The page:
My earliest genre influences, – as with many children at the time -– came from television, movies and comics/books. On the TV front, I was born too late to enjoy the runs of Space Patrol, Rocky Jones-Space Ranger, Tom Corbett-Space Cadet and others from the early 1950s. By the time I started watching the glass idol, Westerns seemed the most popular — Have Gun, Will Travel is still a personal favourite — but besides the awesome cartoons of the era we also had Supercar and Fireball XL-5, two Gerry Anderson shows with Science Fiction aspects. Fireball XL-5 still holds a warm place in my heart, as the basic team format works well for the type of action stories I enjoy. My earliest Science Fiction reading started with Tom Corbett, Space Cadet: Standby for Mars! – a book I reread every few years – and the rest of that series, as well as the books in Louis Slobodkin’s The Spaceship Under the Apple Tree series (available at my local library). It wasn’t long before Robert Heinlein’s Have Space Suit, Will Travel caught my eye, followed sharply by Andre Norton’s Starman’s Son, 2250 A.D. From there, it was the rest of Heinlein’s writings, Norton’s Solar Queen series, TV’s Star Trek, UFO, movies like 2001: A Space Odyssey, Planet of the Apes and Fantastic Voyage and the rest is, well, history (now).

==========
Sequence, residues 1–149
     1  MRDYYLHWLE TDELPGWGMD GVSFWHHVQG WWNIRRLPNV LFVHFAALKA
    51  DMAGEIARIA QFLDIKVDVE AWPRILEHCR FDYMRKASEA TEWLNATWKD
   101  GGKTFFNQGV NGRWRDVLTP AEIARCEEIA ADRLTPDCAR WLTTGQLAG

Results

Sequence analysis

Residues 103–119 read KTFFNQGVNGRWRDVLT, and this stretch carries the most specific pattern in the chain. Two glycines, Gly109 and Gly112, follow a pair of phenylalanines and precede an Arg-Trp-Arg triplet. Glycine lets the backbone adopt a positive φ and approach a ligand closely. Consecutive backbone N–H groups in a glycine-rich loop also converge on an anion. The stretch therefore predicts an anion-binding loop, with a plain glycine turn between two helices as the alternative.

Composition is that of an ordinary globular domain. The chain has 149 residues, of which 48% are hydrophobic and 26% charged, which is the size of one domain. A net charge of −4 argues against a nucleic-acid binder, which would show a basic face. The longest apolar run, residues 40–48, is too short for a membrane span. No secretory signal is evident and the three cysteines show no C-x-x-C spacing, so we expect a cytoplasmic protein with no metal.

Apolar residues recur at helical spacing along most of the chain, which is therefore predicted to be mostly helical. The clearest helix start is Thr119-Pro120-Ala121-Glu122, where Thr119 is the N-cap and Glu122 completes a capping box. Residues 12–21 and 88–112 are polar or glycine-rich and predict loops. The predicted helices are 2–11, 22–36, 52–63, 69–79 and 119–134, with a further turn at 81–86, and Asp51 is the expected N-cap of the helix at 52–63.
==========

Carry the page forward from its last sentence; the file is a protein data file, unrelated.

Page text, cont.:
DC comics in the 1960s were chock full of Science Fiction Goodness. It seemed like every other month had Superman and/or Batman dealing with aliens, alternate dimensions and time travel. A lot of it was incredibly wacky, but all of it was fun. Characters like Challengers of the Unknown, Cave Carson, Sea Devils, even World War II veterans The Blackhawks battled alien invaders and solved bizarre, other-dimensional mysteries. Pure. Fun.
While some of the images I create and the stories I write deal with super-heroes and fantasy, the vast majority of what I enjoy building is science fiction. Aliens, monsters, robots and spaceships, all echoes of the first fun I had with Tom Corbett and Fireball XL-5. As much as I enjoy Star Trek and it’s huge ships hundreds of crewman, my preference always drops back to small ships, small crews and the occasional robot crewman (echoing, of course, Robbie the Robot from Forbidden Planet, Gort from The Day the Earth Stood Still, Robert the Robot from Fireball XL-5, and even B9 from Lost in Space. Speaking of the original TV series Lost in Space, the unrelated Space Family Robinson comics from that era are still a blast to read!
De terra ad astra!